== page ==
If you haven't checked out our website, do so. Jan Jakes Kunz has added new information and new features. If you click on "Contacting Classmates" you will find a list of e-mail addresses.We will keep adding to and updating the list as needed. There are some great tools we can use for keeping the spirit of our 50th going on to our 55th.

Remember to mark Saturday, January 22, 2005, on your calendars for our class gathering in conjunction with the 100th anniversary of the Cornell Association of Class Officers (CACO) in New York City. Look for more information from the university in January.-- Leslie Papenfus Reed, 500 Wolfe St., Alexandria, VA 22314; e-mail, ljreed@speakeasy.net. Class website, http://classof54.alumni.cornell.edu. Alumni Directory, https://directory.alumni.cornell.edu. Class news online, http://www.alumni.cornell.edu.classes.htm.

55 | Leonard Kasten's son Larry, who's married to a Cornellian, has become a partner in a Phoenix law firm, so the senior Kastens have moved west "to get to know our grandson Joshua, now 3."A powerful motivation, as most grandparents would agree. Len also writes feature magazine articles. Mike and Ilona Sena, longtime New Yorkers, are retiring to Asheville, NC, and have sent out the word that "all Cornell '55ers are welcome!" Jana Mason, Urbana, IL, enjoys life as an artist and architect, has designed a new house for her family, and keeps them healthy with fruits and vegetables grown in her garden. Gardening also keeps Roberta Bellis Lang busy--when she's not traveling with Elderhostel.Marjorie Dretel Loory's children surprised her with a visit to celebrate her 70th birthday.Marj, who lives in Washington, DC, received an award from the Cornell Club there for producing the best club program of the year, a visit to the Turkish Embassy. The ambassador spoke to the group and explained his country's position on allowing US troops to be launched from Turkey.

Here's some news from the Maryland contingent. Carmen Longo Jackson, MS '61, taught AP Biology at the Connelly School of the Holy Child in Potomac and retired in 2001, giving her and Don more time to enjoy their grandchildren. Pete and Margie Bowell have relocated from Potomac to Williamsburg,VA.And David Berler, MD '58, who lives in Chevy Chase, is still practicing ophthalmology. Martin Korn, MD '58, and his wife Phyllis (Shames) '57 spend about half the year in Schroon Lake, NY, where they ski and snowshoe.Marty is completing the statistical analysis of a 20-year follow-up study on patients who had his modified operation for knee degenerative arthritis ("It's looking good!"), and Phyllis is winding down her fundraising activities.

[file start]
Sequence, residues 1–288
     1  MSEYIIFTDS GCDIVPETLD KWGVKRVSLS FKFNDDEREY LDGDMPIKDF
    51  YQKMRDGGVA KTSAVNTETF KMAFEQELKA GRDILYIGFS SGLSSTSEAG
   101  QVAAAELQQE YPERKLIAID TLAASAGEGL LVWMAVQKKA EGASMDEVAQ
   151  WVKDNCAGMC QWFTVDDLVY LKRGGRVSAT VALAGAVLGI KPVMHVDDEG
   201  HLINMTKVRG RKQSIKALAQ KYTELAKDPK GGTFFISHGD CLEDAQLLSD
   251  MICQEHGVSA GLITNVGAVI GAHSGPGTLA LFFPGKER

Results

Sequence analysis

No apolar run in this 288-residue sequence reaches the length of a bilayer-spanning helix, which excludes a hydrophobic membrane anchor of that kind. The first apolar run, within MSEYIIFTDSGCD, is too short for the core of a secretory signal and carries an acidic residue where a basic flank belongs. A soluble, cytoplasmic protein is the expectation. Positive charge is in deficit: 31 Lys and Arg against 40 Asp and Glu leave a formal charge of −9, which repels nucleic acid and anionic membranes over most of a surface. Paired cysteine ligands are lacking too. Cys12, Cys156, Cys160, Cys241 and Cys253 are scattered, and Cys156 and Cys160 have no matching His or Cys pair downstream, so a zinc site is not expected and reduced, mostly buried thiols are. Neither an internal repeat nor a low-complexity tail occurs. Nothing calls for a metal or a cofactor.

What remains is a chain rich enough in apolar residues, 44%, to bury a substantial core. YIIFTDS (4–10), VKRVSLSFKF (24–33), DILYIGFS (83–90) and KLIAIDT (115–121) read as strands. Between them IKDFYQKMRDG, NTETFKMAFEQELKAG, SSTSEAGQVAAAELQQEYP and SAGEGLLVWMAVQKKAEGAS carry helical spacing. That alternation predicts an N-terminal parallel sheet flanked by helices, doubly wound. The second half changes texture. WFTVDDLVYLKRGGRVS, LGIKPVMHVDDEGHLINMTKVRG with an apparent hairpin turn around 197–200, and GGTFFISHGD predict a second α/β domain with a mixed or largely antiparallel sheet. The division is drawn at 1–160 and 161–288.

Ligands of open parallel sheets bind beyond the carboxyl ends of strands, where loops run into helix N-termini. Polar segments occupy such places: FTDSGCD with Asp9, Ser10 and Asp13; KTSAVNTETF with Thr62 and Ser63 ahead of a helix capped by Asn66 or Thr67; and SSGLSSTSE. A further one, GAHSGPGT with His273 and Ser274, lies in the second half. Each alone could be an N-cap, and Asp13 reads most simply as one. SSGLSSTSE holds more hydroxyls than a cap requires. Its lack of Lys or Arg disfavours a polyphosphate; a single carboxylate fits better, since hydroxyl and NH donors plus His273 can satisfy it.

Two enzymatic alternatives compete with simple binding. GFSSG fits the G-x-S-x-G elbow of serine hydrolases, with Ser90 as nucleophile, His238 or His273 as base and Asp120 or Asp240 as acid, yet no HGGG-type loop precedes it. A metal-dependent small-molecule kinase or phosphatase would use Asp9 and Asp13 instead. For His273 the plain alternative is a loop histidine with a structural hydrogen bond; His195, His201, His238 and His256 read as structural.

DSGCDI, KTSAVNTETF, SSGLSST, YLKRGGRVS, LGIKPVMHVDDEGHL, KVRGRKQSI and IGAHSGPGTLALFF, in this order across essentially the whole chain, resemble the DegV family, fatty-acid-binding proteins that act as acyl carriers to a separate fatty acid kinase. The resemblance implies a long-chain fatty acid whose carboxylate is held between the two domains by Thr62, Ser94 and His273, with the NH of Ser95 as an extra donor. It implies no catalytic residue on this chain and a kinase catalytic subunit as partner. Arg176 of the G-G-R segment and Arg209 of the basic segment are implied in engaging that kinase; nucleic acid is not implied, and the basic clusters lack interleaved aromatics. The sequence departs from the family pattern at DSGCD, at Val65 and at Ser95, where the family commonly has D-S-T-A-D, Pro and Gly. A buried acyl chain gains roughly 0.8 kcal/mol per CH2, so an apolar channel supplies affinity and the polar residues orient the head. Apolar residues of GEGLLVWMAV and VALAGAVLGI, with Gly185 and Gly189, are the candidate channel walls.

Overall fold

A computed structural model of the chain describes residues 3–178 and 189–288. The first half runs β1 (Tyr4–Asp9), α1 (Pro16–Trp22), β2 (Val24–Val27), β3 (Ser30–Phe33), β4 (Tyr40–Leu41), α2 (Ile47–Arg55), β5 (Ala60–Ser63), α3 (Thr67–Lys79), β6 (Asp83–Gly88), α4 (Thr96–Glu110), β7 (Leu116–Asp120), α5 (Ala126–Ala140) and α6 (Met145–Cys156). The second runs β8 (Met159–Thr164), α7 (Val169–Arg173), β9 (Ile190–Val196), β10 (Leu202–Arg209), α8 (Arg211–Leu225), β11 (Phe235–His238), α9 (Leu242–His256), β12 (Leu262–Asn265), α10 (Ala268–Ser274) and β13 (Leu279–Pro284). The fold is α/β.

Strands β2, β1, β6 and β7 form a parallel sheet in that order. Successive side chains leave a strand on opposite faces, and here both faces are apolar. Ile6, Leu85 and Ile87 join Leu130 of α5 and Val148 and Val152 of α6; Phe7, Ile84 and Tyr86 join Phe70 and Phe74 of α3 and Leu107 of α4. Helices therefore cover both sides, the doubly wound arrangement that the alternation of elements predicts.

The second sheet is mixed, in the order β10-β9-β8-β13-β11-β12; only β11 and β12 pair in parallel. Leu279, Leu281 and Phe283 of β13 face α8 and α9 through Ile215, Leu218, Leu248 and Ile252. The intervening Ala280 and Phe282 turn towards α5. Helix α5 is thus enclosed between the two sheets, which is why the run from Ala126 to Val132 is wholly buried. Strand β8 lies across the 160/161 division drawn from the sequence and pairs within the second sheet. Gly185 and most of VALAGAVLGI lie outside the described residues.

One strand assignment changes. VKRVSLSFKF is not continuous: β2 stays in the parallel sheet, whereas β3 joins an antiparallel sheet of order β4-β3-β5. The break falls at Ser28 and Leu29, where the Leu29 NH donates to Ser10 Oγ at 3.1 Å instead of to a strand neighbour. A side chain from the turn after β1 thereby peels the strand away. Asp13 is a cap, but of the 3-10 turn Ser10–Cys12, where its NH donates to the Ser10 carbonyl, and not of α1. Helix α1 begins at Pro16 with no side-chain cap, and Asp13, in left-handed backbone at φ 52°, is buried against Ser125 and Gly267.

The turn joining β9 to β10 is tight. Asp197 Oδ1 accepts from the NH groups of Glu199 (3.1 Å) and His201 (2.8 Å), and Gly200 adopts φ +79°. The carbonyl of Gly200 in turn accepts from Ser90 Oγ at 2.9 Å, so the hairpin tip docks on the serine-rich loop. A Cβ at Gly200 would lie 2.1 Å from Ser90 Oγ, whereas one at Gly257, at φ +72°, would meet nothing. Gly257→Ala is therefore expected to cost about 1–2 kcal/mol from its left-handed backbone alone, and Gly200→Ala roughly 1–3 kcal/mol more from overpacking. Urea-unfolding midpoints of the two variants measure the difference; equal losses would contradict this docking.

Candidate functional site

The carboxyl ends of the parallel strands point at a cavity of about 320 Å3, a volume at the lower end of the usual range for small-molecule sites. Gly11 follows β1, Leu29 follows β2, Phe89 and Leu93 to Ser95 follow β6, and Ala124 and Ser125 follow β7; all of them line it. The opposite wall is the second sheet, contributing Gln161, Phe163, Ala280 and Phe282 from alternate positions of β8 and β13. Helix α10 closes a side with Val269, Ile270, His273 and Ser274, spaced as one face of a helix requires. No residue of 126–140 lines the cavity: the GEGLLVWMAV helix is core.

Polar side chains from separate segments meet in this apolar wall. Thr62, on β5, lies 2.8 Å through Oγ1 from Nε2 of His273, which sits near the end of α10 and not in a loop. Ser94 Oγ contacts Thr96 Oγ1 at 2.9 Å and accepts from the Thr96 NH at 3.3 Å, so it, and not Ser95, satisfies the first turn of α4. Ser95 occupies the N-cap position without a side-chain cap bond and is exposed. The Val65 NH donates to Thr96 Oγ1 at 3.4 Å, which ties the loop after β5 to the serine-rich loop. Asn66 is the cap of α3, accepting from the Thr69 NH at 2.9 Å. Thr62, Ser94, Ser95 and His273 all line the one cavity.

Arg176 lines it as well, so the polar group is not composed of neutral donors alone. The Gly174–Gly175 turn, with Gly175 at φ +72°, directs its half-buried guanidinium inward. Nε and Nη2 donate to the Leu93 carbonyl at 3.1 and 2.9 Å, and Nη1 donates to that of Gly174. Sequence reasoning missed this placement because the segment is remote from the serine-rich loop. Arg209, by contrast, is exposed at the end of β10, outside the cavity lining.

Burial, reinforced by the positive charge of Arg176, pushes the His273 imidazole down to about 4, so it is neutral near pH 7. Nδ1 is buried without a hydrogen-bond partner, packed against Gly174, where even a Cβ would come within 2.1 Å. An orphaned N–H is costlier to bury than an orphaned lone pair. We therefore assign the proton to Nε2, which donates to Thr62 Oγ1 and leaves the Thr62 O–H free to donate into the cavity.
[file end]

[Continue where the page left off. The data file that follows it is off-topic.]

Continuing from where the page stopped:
Both Phil Alkon, PhD '74, and his wife Sally work at New Mexico State U.; Phil continues his teaching and research work in wildlife sciences. The Alkons traveled to Spain last spring to celebrate Passover with family members who live in Israel. Phil's philosophy is, "At this stage of our lives, age is only a number." Joe Silverman is still practicing psychiatry, and Renee Miller Mayer is still practicing law, "but taking more time off for visits with children and grandchildren, long weekends at our vacation home, and trips to California and London." Marlene Medjuck Green, expecting her 16th grandchild (total of 19, including her husband's), admits that they're "not doing much to promote Zero Population Growth." New to golf,Marcy hopes that she can bypass "the 40 years of frustration that might have come if I had taken up the sport at 30."

Frances Williams Scott writes from Austin, TX, that her book on Charles Sanders Pierce's system of science has been accepted for publication."Now comes the arduous task of editing," she adds, "but the editor and I are down to the last two chapters." Dave Schmidt is very active in community affairs (Town Board of Assessment Review,Winnakee Land Trust Board of Directors, town historical society, church choir, and Rotary, among others). In October, he attended another reunion with his fellow Cayuga's Waiters at the Bar Harbor Club in Vermont. The Schmidts also were given a trip to Sweden and Spain, compliments of Volvo, when they signed for their new V70 wagon.

REUNION 2005 is not that far away! Keep your eye on our class website (http://classof55.alumni.cornell.edu), where Janet Scanlan Lawrence will soon be posting the names of classmates who plan to attend our 50th Reunion, June 9-12, 2005. Remember, your old friends expect to see you there! For example, Norm Nedde wants to know,"Has Bill Wiley signed up yet?"And Julie Scott Maser writes, "I just want to announce publicly that if my former roommate Margaret Alice Doorty Kerr Richenburg signs up for reunion, I'll be there, too!" Janet Lawrence's address is 229 Marlton Road, Pilesgrove, NJ 08098-2725; tel., (856) 769-3497; fax, (856) 769-8494. Or you can e-mail Jan at louisdixneuf@ aol.com.